Just a heads up. The next few weeks are going to be a bit hectic for me. So articles might be a bit shorter than usual.
Also reason for this appearing late is my Computer decided to go on strike, and needed some careful pummelling to get it back up and running.

Finally my thanks to Mr0Buggy for his help with the Polish sources.

Lieutenant Euge*niusz Wciślicki had graduated from the Polish Naval School in 1938. As a junior officer he'd served in the Polish Navy until Poland's fall, and subsequently made his way to the UK where he joined the Polish Navy in exile. On July 19th 1940 he took command of the Motor Gun Boat S-2, a rather uninteresting name for a ship. The "S" came from the polish word "Scigacze" which translates as Pursuer which she certainly was. S-2 was built before the war for the Polish Navy at the British Power Boat Company in Southampton. Equipped with a pair of 2200hp petrol engines she powered her 24 tons across the water at a speed of 40 knots. S-2's unofficial nickname was "Wilczur" which translates as "Wolfhound". Whilst commanding Wolfhound, Lt Wciślicki became well known in the coastal forces, the British were having trouble with pronouncing his name and so they nicknamed him "Capitan Whisky".
Lt Wciślicki is the one lying down.
On 11th February 1942 with Lt Wciślicki in command Wolfhound covered MTB's attacking the German battleships during their channel dash. Armed with a 20mm cannon and a pair of both .50 and .303 machine guns there wasn't anything else she could do apart from keep enemy E-boats away from the MTB's putting in the attack.
Then on 22nd of June came her most famous engagement, one which won Lt Wciślicki a DSO and a Polish medal, the Virtuti Militari which is Poland's highest military award.
On the 21st of June 1942 Wolfhound and her sister ship S-3 or "Pointer" were on patrol near Dungeness, as part of a screen for a convoy. At 2255 Pointer had a engine fail, and with only one engine she was forced to turn for home. Lt Wciślicki elected to continue on his mission of screening the convoy alone.
Later on the morning of the 22nd the wakes of six E-boats were spotted. At night the bow wave of a boat moving at speed is easy to spot as its bright white against a dark background. The six E-boats were making a beeline for the convoy.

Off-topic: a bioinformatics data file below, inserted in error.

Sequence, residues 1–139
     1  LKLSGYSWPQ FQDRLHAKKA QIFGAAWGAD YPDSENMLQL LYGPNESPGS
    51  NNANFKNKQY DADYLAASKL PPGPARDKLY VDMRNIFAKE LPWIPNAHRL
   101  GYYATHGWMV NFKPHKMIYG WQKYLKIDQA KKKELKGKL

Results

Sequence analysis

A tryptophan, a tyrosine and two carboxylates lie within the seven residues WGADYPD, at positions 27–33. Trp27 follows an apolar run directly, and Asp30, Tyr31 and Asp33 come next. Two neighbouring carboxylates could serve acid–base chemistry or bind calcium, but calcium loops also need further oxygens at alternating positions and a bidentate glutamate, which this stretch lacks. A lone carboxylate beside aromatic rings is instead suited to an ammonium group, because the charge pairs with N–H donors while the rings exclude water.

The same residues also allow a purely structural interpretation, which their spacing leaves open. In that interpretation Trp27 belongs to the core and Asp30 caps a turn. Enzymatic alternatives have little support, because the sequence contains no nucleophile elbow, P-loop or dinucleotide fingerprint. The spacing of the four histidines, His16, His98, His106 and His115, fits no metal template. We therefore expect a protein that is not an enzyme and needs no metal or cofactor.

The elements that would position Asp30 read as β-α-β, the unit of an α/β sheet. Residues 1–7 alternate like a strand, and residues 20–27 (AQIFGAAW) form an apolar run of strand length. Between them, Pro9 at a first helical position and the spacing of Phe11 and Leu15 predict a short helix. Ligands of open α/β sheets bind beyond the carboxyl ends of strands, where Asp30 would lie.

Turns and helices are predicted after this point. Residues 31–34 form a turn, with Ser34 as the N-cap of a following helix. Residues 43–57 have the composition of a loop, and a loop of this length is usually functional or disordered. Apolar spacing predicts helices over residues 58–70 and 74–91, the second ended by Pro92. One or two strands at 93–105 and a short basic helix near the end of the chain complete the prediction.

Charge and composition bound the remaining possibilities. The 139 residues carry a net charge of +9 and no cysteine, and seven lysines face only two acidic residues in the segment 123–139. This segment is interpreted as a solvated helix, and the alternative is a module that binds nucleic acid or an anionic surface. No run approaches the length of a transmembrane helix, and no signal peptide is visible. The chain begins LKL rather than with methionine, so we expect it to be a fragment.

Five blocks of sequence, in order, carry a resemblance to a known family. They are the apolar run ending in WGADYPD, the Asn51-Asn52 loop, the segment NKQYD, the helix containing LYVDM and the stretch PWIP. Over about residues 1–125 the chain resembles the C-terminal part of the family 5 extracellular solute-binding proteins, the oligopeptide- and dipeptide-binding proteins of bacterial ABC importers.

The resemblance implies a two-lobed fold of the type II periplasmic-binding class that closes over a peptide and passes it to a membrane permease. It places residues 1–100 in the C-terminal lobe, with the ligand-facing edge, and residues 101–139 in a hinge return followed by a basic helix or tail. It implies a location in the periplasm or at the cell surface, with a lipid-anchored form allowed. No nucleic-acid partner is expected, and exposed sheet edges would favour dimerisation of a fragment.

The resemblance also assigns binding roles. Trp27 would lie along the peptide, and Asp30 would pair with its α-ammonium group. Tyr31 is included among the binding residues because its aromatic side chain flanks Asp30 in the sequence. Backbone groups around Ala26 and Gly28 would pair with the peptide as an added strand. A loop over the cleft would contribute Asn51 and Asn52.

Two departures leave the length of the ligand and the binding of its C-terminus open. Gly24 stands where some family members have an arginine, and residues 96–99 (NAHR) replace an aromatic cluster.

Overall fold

Lt Wciślicki radioed his contact report to base. Knowing he was utterly outnumbered and outgunned he was ordered away from the area. Lt Wciślicki had other ideas, suddenly forgetting how to read English or work the code book he turned his boat towards the line of E-boats. They powered through the line at full throttle with every gun spitting a line of tracer. The Germans returned fire and a cat's cradle of glowing beads of tracer webbed itself around the boats. Wolfhound burst free and disappeared into the night, she had taken one hit. A single unexploded German cannon shell was lodged in her.
Some reports say the Germans were so confused they continued to fire at each other, however I've not been able to verify that. However the Germans knowing their surprise had been lost turned away, and the convoy was allowed to proceed unmolested.

Lt Wciślicki and Wolfhound survived the war. She was paid off in 1944 and in 1947 was inspected by the Poles to see if they would take her back home and into service again, however, they declined due to the poor state she was in. After that she might have been used as a target boat, and presumably sunk.
Lt Wciślicki stayed in the UK after the war, becoming naturalised in 1949, and living at that time in Ipswich. Some sources suggest he served in the Royal Navy using the name Westkey, but again information is scant and difficult to confirm. To give you some idea of how confused this story is, different sources gave up to three different years (41, 42 and 44) for the action against the E-boats. It was only when I found a date for his award I was able to select the right year.

Image credits:
kresy-siberia.org, www.bettsbooks.co.uk and www.hslmouldings.co.uk (note: HLS do a detailed model of S-2)